Nevertheless, the real ketjap is highly competitive. In Medan, Weng Seng, 永勝, a Chinese-owned company had been in the business for 40 years or since 1890s. Weng Seng was located in Topekongstraat (Jl.Topekong). Not that far from that company, at Pachtstraat (Jl. Kumango), there was another kecap company Lee Mun, with Tjap Ajam. Other companies also competed, including Japanese kecap called Sansey and San Yin Chan from Labuhan Deli.

Weng Seng was the largest kecap business in Medan. It also had other businesses in import and food products, and also selling lottery. Weng seng’s advertisement in Deli Courant is not for his ketjap, but the lottery.

The parts of this lot were sold by the famous soy sauce factory Weng Seng in this city. 1st prize of the 10,000 guilders has fallen to a Chinese in Arnhemia. (De Sumatra Post, 27–09–1935)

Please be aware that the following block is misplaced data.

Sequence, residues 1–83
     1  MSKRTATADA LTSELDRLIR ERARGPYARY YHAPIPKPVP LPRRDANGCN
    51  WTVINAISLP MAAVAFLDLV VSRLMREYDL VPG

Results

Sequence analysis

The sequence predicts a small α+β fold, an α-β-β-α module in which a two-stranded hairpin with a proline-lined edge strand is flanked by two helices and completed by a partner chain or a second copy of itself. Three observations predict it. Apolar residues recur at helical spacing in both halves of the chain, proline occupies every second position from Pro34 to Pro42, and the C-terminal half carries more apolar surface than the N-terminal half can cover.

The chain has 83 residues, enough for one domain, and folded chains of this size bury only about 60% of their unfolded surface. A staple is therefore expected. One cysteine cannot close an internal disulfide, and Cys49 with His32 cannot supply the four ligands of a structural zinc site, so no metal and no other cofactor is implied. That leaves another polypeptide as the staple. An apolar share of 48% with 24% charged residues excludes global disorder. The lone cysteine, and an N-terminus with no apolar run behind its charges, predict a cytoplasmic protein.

The competition of Ketjap was high, and it became the issue in the board of trade in Medan:

Manufacturers complained about the heavy competition from the soy sauce factories. The board is now investigating to what extent the soy sauce, soy and taotjo quota can be used to protect the local industry. (De Sumatra Post, 13–03–1934)

These kecap companies seem to disappear after 1950s. In 1948, Chu Sam Yak and Chu Sok Sam, Teochew businessmen from Medan, started a Chinese wine called Anggur Tjap Orang Toea. Later, they ventured into making batteries, with the ABC battery in Medan. Moving its base to Jakarta, they created the world-famous kecap manis ABC in 1975.

While there are many ketjap in Indonesia, not all kecap tastes the same; each had its own secret traditional recipe. The famous one in Medan was Ketjap Hati Angsa in 1960s that started at Jl.Meranti. Another oldies was from a company called Sinar Langkat, Cap Panah. Nevertheless the unique branding from Medan was still the same as 1920s.

As kecap was added to any food to add flavour, a person can be called kecap for overstating his story, and ngecap was a term used to describe gossiping or adding tales to stories.

Sinar Deli, 2 May 1930

Soil Scientist, interest in Colonial history.